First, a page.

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Published: March 9th 2018
The Lone Cypress
This is supposedly one of the most photographed trees in the world...I don't know about that, but it an iconic scene along 17-Mile Drive.
Monterey sits on one of the most beautiful stretches along the California coast and started as the capital under Spanish, Mexican, and US Military rule. It was named Monterey Bay by the Spanish explorer Sebastian Vizcaino in 1602 and fortified by Spain in 1768, beginning the military's major role in the city's history. The US first mistakenly raised its flag over Monterey in 1842, when a US warship under Admiral Jones thought war had been declared with Mexico and took control of the Presidio for a day. Once the accident was realized, the US apologized and the ship sailed away. We officially raised the US Flag over Monterey in 1846 after U.S. Congress declared war following a Mexican skirmish with U.S. troops in Texas. To establish our permanent presence, in 1847 the US started construction of the Fort of several names (named after various Admirals/Generals) Forts Mervine, Stockton, Halleck, Savannah, before eventually settling on Fort Ord, which became the largest military installation on the West Coast. The fort occupied an area roughly the size of San Francisco and contained some prime beach-front real estate. The 1990s real estate market drove the cost of living and property values too high for the
military and led to Congress' recommending the base for closure in 1991. Today many of Fort Ord's buildings still lie abandoned and covered in graffiti, but the massive sand dunes along CA 1 were transferred to the California State Parks for everyone to enjoy.
Monterey is now the most popular tourist destination on CA's central coast, in part due to John Steinbeck's Cannery Row novel about a cast of characters on Ocean View Ave; later renamed Cannery Row to take advantage of the best selling book and movie. The street of long-closed sardine canneries hosts a tourist oriented row of upscale restaurants, shops, and a world class aquarium (with world-class cost of entry $50). We passed on the $100.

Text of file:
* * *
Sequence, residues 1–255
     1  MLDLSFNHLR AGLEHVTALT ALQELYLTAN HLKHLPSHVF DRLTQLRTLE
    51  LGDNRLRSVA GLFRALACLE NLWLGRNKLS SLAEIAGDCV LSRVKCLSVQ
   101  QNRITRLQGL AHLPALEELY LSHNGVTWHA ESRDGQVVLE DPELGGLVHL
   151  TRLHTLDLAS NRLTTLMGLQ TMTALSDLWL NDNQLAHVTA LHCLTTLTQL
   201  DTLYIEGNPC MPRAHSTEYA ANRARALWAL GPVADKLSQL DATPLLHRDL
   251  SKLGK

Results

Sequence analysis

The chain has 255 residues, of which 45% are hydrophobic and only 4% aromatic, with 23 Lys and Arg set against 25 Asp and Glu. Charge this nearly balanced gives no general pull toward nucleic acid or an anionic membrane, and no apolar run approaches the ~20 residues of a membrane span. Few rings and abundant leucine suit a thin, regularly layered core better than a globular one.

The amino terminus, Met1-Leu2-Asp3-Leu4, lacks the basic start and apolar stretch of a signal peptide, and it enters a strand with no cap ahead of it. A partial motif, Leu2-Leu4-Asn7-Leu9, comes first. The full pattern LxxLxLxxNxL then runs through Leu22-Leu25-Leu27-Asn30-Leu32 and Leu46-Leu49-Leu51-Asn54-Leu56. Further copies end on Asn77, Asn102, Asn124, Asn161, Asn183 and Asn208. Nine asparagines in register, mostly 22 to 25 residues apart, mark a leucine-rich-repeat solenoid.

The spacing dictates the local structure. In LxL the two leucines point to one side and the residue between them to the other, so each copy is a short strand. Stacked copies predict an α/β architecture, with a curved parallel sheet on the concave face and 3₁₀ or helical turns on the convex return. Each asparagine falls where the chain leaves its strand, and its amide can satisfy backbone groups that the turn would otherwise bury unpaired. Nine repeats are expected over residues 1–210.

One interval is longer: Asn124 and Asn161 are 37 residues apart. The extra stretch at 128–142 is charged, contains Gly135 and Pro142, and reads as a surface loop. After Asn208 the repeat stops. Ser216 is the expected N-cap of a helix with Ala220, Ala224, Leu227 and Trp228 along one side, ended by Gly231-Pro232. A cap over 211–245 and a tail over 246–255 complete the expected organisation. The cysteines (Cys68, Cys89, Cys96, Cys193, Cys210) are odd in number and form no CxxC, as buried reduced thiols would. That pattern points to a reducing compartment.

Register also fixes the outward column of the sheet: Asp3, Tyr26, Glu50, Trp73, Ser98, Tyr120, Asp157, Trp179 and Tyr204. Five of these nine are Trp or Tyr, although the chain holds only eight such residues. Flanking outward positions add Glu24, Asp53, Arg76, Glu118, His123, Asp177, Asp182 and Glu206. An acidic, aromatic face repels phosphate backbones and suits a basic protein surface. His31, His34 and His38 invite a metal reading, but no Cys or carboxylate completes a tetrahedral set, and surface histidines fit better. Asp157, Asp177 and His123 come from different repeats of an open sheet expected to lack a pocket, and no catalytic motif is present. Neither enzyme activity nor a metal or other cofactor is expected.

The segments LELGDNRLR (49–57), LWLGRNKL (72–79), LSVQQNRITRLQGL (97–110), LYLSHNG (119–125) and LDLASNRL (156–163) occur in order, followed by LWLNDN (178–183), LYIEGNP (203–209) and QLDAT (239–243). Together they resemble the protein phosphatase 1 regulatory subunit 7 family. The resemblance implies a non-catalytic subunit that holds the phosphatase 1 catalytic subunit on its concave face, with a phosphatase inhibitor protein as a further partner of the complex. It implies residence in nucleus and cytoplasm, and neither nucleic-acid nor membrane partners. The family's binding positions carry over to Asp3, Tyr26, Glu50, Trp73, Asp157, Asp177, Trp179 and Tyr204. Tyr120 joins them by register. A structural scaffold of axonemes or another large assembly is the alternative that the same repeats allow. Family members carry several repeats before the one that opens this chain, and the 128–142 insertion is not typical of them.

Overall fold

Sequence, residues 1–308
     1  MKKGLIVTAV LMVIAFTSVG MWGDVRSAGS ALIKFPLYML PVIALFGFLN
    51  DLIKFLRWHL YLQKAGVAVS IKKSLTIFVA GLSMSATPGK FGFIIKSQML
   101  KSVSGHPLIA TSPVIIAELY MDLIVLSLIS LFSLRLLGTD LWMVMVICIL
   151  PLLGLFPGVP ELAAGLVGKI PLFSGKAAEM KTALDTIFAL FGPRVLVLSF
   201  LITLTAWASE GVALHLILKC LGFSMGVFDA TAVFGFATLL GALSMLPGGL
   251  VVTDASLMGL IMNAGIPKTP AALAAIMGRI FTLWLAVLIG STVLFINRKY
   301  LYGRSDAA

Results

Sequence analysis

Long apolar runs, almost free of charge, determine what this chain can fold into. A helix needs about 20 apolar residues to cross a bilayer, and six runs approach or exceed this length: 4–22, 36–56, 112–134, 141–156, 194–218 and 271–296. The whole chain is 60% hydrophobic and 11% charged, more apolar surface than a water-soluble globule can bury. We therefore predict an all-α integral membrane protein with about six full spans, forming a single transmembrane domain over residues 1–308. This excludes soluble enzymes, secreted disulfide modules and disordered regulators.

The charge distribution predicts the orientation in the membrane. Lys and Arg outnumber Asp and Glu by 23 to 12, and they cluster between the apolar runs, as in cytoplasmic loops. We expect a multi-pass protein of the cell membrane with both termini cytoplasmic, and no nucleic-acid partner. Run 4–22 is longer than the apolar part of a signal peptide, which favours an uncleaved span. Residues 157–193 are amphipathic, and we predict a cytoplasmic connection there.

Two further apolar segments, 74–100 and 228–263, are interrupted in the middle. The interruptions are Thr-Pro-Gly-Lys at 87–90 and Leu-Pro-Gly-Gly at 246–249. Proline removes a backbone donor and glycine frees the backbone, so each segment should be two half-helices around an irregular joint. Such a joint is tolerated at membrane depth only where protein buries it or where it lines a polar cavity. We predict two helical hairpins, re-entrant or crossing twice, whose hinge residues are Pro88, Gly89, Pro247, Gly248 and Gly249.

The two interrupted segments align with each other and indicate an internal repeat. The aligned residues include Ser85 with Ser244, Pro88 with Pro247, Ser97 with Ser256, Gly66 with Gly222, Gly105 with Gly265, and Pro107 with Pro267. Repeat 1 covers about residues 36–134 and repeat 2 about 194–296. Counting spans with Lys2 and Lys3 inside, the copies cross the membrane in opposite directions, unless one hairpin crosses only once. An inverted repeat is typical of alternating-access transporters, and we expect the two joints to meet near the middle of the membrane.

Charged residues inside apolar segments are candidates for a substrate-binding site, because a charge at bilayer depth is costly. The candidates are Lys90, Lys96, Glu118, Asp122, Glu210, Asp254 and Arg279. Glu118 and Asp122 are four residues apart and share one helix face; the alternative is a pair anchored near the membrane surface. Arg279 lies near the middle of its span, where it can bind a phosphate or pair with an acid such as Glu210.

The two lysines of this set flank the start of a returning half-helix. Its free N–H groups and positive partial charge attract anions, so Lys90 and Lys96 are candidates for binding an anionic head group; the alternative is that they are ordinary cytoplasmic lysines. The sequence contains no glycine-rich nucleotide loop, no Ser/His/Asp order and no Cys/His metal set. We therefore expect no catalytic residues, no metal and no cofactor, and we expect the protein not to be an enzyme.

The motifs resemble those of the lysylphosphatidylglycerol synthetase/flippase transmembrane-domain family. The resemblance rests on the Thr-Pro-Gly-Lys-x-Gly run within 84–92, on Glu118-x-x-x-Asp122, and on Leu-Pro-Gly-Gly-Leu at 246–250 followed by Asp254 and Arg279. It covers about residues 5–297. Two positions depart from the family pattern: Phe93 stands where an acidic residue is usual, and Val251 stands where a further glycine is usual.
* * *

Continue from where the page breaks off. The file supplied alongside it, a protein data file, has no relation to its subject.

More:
In addition to incredible vistas, the area hosts 20 golf courses (to include Pebble Beach) and the Mazda Raceway Laguna Seca. For $10.25 you can enter an exclusive neighborhood's private 17 Mile Drive to enjoy Big Sur's rocky coast, watch seals/otters, or take photographs of world-famous points of interest of like Lone Cypress and Pebble Beach.
It's easy to see why the Spanish chose Monterey to establish their first Presidio in California. Tomorrow we travel from this iconic
Dunes in Fort Ord State Park
Just a few miles away from the Big Sur rocky scenery lies these massive sand dunes.
coastal town to one of the nation's most iconic National Parks, Yosemite.
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I think all the graffiti makes you wonder just how "Abandoned" the buildings are. Too bad such prime real estate is being wasted. Makes me want to read the book Cannery Row. Did you read it?
Mike and Mimi
I think the buildings are occupied on and off by homeless. They're starting to develop it, but the post was huge, like Fort Bragg.
I loved it out there, so beautiful you saw much more than we did, beautiful
Mike and Mimi
It is an amazing place and we enjoyed our time here. I wanted to see a couple more points of interest while there, but ran out of time and energy. I try to limit what I do on the day before we leave so I'm fresh on the road.